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Vinegar Valentines: The Victorian Tradition of Sending Anonymous Hate Mail

In the late 19th century, Valentine's Day was more than an occasion for lovers to express their love for each other by sending greetings cards and presenting gifts. It was also the day for haters to hurl abuses and insults to those they didn’t love. Known as vinegar valentines, these cards carrying caricatures and satirical rhymes intending to vilify, mock and hurt the recipient was available in stores across America and Europe alongside beautiful valentine cards adorned with hearts and flowers. Often, these cards—both valentine and vinegar—were produced by the same companies.

The cruel tradition first developed in America, possibly in the 1840s and remained in trend for nearly a century. During their long history, some estimate, vinegar valentines made up almost half of all U.S. valentine sales.

The cards were mass produced on cheap paper and usually cost a penny, so even the poor and the working classes—who rarely had the luxury of spending money on gifts—didn’t mind picking up a few to tell that special someone exactly how much they don’t love them. But the cards weren’t restricted to the lower economic classes. They were exchanged freely among all income groups, between neighbors, enemies, as well as friends too. Women sent them to undesired suitors, students to mean teachers, and workers to obnoxious bosses—all anonymously. There was a card for pretty much every insult.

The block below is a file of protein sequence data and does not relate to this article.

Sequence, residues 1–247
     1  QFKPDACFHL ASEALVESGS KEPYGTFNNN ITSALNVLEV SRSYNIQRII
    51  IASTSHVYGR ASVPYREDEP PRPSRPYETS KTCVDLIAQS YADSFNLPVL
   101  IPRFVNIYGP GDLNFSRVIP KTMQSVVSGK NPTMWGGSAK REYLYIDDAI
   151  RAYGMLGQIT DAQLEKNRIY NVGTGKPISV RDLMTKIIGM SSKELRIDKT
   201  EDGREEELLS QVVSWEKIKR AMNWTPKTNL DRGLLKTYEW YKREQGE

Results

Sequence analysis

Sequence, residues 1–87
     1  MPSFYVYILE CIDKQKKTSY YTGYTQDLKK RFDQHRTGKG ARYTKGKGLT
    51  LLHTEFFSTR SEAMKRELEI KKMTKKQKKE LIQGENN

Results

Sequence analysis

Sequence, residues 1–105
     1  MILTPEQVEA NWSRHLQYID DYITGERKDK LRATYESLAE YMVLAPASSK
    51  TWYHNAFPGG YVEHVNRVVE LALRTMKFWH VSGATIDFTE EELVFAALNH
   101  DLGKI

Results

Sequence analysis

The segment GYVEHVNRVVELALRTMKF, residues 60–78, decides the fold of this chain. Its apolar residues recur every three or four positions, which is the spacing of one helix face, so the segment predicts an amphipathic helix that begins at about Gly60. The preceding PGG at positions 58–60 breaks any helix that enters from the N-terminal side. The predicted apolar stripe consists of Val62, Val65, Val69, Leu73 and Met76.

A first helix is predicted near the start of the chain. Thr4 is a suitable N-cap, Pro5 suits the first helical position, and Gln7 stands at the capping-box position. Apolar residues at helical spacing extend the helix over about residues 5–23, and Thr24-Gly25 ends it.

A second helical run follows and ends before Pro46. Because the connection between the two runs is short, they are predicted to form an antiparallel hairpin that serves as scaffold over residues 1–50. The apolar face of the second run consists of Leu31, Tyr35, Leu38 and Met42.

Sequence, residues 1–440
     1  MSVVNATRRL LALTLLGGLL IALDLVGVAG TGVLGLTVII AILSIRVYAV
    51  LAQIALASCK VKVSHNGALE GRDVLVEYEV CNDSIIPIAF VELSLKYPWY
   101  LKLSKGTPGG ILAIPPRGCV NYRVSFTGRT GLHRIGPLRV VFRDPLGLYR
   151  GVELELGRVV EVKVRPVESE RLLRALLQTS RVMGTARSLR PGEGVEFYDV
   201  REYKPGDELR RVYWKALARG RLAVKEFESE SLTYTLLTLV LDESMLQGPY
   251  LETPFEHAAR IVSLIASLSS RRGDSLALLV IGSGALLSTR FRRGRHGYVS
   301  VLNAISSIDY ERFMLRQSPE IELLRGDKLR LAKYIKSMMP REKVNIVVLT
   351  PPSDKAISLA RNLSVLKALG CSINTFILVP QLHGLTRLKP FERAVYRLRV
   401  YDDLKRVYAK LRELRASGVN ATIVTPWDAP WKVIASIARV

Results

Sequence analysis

Early vinegar valentines were simple pieces of paper that folded on themselves and sealed with a bit of wax. As a matter of fact, all letters were posted this way because it was more expensive to put a folded object in an envelope. In the very early days, before the prepaid stamp, it was the recipient who paid for the mail. So with vinegar valentines, it meant that the person who received these nasty notes actually paid for the insult, which was doubly insulting.

Even by Victorian standards, vinegar valentines were considered distasteful, vulgar and morally depraving. The press blamed card manufacturers for instigating anti-social behavior and encouraging “a fearful tendency to the development of swearing in males of all ages”, as asserted by the New York Times in 1866. Others complained about Valentine’s day being ruined.

Although the cards were meant to be sent as a joke, there were some people who took the message seriously. In 1885, as reported by London’s Pall Mall Gazette, a husband shot his estranged wife in the neck after receiving a vinegar valentine that he could tell was from her. Another committed suicide after receiving an insulting valentine.

The practice of sending vinegar valentines eventually fell out of favor in the 1940s. By then, the fashion for sending any type of valentines was already on the decline. Some say it was the “facetious vulgarity” that killed it, while others suggest that the tradition died out from a process of natural decay.

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